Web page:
If one digs deep enough, combs through public records and connects dots that are scattered far and wide they come to a point where a politician’s DNA becomes as clear as a fingerprint on a newly-washed glass.
Such is the case with Rep. Terri Collins of Decatur, who was appointed chair of the House Education Policy Committee beginning in 2014 by convicted Speaker Mike Hubbard. Hubbard devotes several pages of his book, Storming The Statehouse, to how he recruited and helped Collins in her first run for the legislature in 2010.
He even recounts how he got Governor Bob Riley to call Collins from New York City to stroke her ego. Collins ran in the Republican primary and defeated Jason Putman by only 297 votes. Hubbard told her the state Republican party would not get involved in the primary, but if she won, she would have their wholehearted support in the general election.
Hubbard was true to his word. Collins raised $24,950 from individuals for the primary and only $3,300 from political action committees. But it was an entirely different case in the general election where Collins faced Democrat Drama Breland.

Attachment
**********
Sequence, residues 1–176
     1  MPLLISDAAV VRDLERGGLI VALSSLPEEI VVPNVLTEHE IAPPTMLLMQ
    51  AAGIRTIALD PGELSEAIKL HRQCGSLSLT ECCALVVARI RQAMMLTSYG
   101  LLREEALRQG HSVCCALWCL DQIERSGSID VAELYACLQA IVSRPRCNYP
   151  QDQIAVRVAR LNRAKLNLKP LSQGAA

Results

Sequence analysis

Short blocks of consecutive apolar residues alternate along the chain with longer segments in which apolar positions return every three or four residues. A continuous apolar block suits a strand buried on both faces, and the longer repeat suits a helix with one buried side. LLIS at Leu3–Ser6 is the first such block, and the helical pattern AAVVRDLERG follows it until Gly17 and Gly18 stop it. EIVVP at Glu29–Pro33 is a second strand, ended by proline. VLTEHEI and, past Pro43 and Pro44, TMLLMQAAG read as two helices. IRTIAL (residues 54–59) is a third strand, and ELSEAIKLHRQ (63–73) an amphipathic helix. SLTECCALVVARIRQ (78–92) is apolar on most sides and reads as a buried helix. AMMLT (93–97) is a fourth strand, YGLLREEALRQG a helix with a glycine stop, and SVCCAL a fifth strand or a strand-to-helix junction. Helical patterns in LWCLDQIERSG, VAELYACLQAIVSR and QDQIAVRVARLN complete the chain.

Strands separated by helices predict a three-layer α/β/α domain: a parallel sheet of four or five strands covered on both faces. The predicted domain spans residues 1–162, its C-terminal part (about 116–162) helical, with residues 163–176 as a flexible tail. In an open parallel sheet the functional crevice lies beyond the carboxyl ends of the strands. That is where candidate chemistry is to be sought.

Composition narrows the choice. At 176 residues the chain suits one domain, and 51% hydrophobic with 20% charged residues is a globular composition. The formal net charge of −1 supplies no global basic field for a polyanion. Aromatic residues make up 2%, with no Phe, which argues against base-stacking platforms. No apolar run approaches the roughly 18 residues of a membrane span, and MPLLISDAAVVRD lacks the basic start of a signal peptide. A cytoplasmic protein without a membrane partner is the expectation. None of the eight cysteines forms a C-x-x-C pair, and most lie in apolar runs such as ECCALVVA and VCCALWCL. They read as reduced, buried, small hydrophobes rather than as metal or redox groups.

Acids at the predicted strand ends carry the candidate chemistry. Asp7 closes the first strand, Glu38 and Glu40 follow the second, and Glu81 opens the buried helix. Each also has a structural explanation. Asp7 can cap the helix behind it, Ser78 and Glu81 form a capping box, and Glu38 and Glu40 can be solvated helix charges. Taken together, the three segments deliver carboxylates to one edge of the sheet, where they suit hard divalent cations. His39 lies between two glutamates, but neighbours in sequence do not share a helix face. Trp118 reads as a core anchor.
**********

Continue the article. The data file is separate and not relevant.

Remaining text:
This time she got $102,400 from PACs. Friends of Mike Hubbard gave her $5,000 and the Business Council of Alabama chipped in with $35,000. She paid David Azbell, the co-author of Hubbard’s book, $18,000, and also spent nearly $5,000 with Craftmaster Printing of Auburn, a name that came up frequently in the recent Hubbard trial.
Though Breland was well-funded, she was not able to keep pace with Collins in the fall of 2010 and Collins got 56 percent of the vote in a year when Democrats lost early and often.
By this time the Collins’ political DNA was coming into view. She had clearly aligned herself with both Hubbard and BCA. In recent years BCA has consistently opposed public education. They support the Alabama Accountability Act and its vouchers, they created the Business Education Alliance which touts the ill-advised mantra, “run schools like a business,” worked for charters schools and the 2016 RAISE Act.
Collins has been in their camp from day one.
(It is also noteworthy that Collins got $1,000 for her 2010 primary from Charlotte Meadows of Montgomery, until recently a lobbyist for StudentsFirst of Sacremento, CA.)
By the time Collins kicked off her re-election bid in June of 2013 she had adopted the mindset of most politicians and looked to special interests to get her elected again.
Of the $245,000 she raised in contributions and in-kind support for the 2014 election, 79 percent came from political action committees.
PACS controlled by BCA, former Governor Bob Riley (Alabama 2014) and Speaker Hubbard collectively spent $5.1 million on 2014 elections. Each gave generously to Collins. None of them could be considered supportive of public education.